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Concentration span(proudness and tips)

 
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This post is over how do you manage the time you do not code during a coding day, to be even more efficient,so I thought this could be the right place to POST it.

There is one skill in my advice that is essential to be a coder, and it is the ability to concentrate on a topic. In the evolutionary process of the human being, the prefrontal cortex that we use when we ponder things is a limited resource, and we use it a lot when we are designing software, when we go through a challenging bug, and also when one review some code, read some posts in the ranch, go through official API documentation etc.
Different studies indicate that in general after a certain amount of time, between 20 and 45 minutes we are not able to focus anymore with the same clear mind we had before to start, in other words attention decays.
I guess is a common experience every morning when we start we have a "fresh mind" and usually at end of the day together with million of working people ( even not programmers) we go through a process of mental exhaustion. As coders we use the brain much more than the average, and being attentive and fresh is exactly what we need to go trough whatever programming task

Personally speaking I study/work 20 minutes and do a pause of 10 minutes, using even some relaxation techniques, and then i repeat all day long this cycle, and try to go to run 1 hour per day between my normal job and the coder one. Also I do some massage to my hands while I am studying to stimulate endorphin, and try to think in terms of less abstract concepts, so for instance if I pass a parameter to a method, i try to visualize the images of which instruction is running into the machine, because I know that images are less strong to maintain on the brain.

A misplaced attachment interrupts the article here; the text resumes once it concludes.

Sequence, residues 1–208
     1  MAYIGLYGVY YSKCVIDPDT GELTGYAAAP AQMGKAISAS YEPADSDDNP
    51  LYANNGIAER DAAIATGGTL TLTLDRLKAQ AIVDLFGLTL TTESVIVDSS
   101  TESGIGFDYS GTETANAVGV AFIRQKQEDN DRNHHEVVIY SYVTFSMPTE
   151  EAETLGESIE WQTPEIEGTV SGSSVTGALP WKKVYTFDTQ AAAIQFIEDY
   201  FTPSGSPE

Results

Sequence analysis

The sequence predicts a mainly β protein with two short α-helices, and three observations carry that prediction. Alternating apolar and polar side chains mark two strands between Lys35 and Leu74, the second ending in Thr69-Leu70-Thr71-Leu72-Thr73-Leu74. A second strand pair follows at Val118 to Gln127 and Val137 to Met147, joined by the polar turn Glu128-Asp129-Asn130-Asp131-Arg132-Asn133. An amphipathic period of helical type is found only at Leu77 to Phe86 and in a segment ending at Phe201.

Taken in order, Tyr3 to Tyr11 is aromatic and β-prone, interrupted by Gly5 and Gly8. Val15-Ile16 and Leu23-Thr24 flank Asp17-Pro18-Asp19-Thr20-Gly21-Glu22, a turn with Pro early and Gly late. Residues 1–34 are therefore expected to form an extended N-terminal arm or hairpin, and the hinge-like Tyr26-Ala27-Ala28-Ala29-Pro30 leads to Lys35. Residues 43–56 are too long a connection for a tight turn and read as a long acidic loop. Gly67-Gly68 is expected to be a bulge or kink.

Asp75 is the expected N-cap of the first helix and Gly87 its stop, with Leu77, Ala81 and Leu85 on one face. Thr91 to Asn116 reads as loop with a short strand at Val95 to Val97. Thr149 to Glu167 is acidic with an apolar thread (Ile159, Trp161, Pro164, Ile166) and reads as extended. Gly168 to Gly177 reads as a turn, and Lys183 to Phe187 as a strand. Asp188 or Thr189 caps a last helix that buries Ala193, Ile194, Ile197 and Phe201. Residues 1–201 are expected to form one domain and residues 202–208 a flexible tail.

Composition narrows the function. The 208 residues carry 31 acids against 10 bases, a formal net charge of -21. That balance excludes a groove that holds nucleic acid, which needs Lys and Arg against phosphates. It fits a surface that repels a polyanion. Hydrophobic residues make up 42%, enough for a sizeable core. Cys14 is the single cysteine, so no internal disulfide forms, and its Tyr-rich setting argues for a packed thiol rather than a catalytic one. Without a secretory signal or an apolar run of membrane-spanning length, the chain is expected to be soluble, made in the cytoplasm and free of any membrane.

As I am working/studying 13 hours per days, including the weekend since last March, I developed even a more complex routine, that fits me well, from what I eat to how much I sleep, from where I take the PC, to which kind of music I listen.

But I would be glad to know by you more experienced guys, how in the years you managed to tame your concentration span. I mean Personally speaking I have a really bad habit, as I am quite stubborn, sometimes I remain focused on a problem for 3-4 hours, because I think that I am going to resolve the minute after, and when i do this... I have to stop to think for at least 2 hours, so I would like to know by you if you have this same issue, or like me are you trying to manage this proudness to maintain the brain focused although your body is saying to you, have a rest.
 
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That sounds like the Pomodoro technique. I used that at home when working on my book. (and certain other tasks)
 
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Giovanni Montano wrote:But I would be glad to know by you more experienced guys, how in the years you managed to tame your concentration span.


Well, for me beer usually does the trick.

Or a run (back in the days when I used to do that).

However, by far the best technique I find when I'm stuck on something is to talk to someone else. I can't tell you how many times I've started to explain my problem to a colleague, only to get halfway through and solve it myself. And I suspect that it has a lot to do with the procedural and solitary nature of programming, which can allow you to get stuck on a single track if you're not very careful.

You also need to be aware of whether you're actually being productive. I've actually had many occasions in my career when I've "pulled an all-nighter" - ie, worked all the way through the night and into the next day - because I WAS focused and achieving results. And I suspect I'm not alone.